Malaria takes on the top meds

Parasite starting to overcome frontline drug regimen

WASHINGTON — Like a basketball team that plays best against its toughest opponents, the parasite that causes malaria is showing signs of thwarting the most potent drugs currently used against it. Scientists report that top-line drugs called artemisinins take nearly twice as long to knock out the parasite in people who contract malaria in western Cambodia as the drugs take in other areas — suggesting the parasite is finding ways to thwart the drugs’ effects.

Physician Arjen Dondorp of Mahidol University in Bangkok presented the findings on October 27 in Washington, D.C. at a joint meeting of the Infectious Diseases Society of America and the American Society for Microbiology.

Hints of artemisinin weakening have emerged bit by bit over the past few years in a handful of reports from Southeast Asia, and most scientists are still loath to call the trend outright drug resistance. But the reports are worrisome, says Philip Rosenthal, an infectious disease physician at the University of California, San Francisco.

“If we lose the artemisinins, that would be a major problem,” he says. “The pipeline for new antimalarial drugs … is very limited now. We’re dependent on artemisinins to be the backbone of therapy for years to come.”

Many scientists share Rosenthal’s uneasiness about the Cambodia findings.

“It could potentially be disastrous,” says Steven Meshnick, a parasitologist at the University of North Carolina at Chapel Hill. Ironically, the unsettling news comes at a time when malaria seems to be in retreat in some parts of the world, thanks in part to increased funding for programs, he says.

Artemisinins are playing a substantial role in that favorable trend. Derived from sweet wormwood extracts, the artemisinins have shown dramatic success against even Plasmodium falciparum, the parasite that causes the most lethal bouts of malaria. But because artemisinins are quick-acting, potent drugs, they work best when taken in tandem with one of the other slower-acting antimalaria drugs. The artemisinin wipes out most of the parasites, and the other drug lingers to mop up the stragglers. That keeps any lingering parasites from surviving to cause resistance, says Meshnick.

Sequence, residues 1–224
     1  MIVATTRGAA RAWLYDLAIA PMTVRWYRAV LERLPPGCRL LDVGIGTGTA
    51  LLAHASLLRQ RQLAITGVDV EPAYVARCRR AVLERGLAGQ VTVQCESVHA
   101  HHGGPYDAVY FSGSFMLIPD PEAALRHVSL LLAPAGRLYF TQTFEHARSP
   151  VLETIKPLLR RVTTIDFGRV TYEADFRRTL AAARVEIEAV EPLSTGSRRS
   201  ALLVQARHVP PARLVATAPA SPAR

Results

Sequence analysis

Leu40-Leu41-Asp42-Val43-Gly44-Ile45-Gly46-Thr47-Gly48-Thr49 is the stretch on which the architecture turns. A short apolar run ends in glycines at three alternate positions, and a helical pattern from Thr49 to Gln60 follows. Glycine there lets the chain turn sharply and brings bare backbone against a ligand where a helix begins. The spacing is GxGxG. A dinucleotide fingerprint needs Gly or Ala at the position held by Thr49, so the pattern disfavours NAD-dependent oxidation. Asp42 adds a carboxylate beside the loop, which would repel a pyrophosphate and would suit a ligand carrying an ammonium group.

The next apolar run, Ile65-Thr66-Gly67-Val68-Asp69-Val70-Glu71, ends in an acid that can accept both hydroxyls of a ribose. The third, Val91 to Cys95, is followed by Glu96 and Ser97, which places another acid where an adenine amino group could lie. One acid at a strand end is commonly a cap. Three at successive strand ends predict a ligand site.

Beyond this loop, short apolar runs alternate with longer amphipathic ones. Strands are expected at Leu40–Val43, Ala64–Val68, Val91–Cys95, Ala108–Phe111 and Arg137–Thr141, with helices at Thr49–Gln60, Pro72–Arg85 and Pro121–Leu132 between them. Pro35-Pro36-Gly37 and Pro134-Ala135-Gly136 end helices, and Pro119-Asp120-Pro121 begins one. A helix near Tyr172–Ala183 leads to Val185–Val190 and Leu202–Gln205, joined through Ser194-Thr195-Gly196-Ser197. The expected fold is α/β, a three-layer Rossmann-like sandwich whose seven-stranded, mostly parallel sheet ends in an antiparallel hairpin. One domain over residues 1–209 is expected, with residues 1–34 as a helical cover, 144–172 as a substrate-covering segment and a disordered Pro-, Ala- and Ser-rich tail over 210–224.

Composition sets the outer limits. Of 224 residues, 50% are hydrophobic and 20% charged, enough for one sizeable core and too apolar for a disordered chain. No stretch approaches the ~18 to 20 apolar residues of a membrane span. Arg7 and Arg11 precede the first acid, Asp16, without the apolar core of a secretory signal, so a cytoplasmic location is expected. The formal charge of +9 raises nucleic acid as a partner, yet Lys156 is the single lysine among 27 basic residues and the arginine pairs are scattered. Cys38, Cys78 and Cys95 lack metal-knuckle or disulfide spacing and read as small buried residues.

The World Health Organization now recommends such combination therapy with artemisinins as a first-line therapy against malaria worldwide.

But in Cambodia, up to three-fourths of artemisinins are taken on their own. And many people stop taking them early, making parasite clearance from the body less than a sure thing.

What’s more, since artemisinins have been used in Cambodia for decades, malaria in that region has had a long time to evolve a way around them, Dondorp says.

To assess any budding signs of resistance, Dondorp and his colleagues tested 40 malaria patients in western Cambodia and 40 others being treated in nearby Thailand. Patients in Cambodia took more than 80 hours on average to clear the parasite from their bodies after receiving a standard combination therapy that included an artemisinin. In Thailand, clearance took only 48 to 60 hours after a similar treatment. There were also more cases of outright treatment failure in the Cambodian group.

Cambodia has been a crucible of resistant malaria for decades. As early as the 1950s and 1960s, public health officials in Cambodia started to see resistance to other antimalaria drugs. The trend has continued in recent decades.

Many factors may be conspiring to give Cambodia this dubious distinction. The hot climate is certainly right for malaria. But beyond that, Meshnick says, people from all over Southeast Asia show up in western Cambodia for gem mining, and mosquitoes that spread malaria there might mix many parasitic strains by hopping from person to person. That scenario invites gene recombination and mutations, risking the development of virulent drug-resistant strains, he says.

Also, the people in western Cambodia aren’t particularly poor. Ironically, a decent income makes them less dependent on regulated, government-supervised drug programs for malaria and allows them to buy drugs on the open market — with risks.

Dondorp says roughly half of unregulated artemisinin pills bought in Cambodia are fake. This thriving trade in counterfeit artemisinin began with pills without any drug content whatsoever, but these were foiled by dye tests that exposed them. Now the black-market sellers add 10 percent artemisinin to circumvent simple dye tests that detect a lack of the drug.

“This is actually worse,” Dondorp says, since a weak dose exposes the parasite to the drug and increases the risk of resistance.

The plan for Cambodia starts simply enough: “First we need to get monotherapy out of the market and replace it with combination therapy,” Dondorp says. “If we do that, malaria cases will go down by 60 to 70 percent.”

While that strategy would help in the short run, the surviving parasites would be more resistant than ever, he concedes. “We would have to continue double therapy until eradication, and our models show that that would take 10 years.”

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